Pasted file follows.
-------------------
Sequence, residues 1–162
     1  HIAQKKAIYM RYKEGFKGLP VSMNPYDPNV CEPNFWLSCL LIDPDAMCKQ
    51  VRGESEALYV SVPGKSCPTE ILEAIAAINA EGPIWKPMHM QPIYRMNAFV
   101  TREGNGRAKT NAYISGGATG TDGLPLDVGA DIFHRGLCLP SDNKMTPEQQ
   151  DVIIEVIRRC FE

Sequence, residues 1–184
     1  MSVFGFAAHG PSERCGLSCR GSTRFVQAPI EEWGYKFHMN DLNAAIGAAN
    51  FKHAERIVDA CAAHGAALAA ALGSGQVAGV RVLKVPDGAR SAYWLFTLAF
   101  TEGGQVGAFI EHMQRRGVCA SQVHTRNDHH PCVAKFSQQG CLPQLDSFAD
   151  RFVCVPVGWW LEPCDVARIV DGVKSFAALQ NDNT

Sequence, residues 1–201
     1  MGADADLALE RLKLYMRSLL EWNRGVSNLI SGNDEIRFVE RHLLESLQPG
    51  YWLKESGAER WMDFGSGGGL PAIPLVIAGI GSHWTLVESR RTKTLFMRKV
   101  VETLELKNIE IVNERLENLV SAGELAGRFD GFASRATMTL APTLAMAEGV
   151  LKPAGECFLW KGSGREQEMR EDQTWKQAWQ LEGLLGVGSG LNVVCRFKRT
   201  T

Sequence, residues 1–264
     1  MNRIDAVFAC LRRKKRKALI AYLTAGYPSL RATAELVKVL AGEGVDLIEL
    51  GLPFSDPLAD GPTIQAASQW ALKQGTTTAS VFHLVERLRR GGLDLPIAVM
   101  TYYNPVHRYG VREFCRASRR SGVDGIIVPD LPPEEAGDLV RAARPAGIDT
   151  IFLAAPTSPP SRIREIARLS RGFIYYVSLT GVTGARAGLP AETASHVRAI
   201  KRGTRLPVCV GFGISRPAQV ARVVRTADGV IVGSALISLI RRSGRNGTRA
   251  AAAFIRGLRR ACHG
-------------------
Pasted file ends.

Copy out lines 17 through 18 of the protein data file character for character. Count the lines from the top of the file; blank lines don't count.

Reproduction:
Sequence, residues 1–264
     1  MNRIDAVFAC LRRKKRKALI AYLTAGYPSL RATAELVKVL AGEGVDLIEL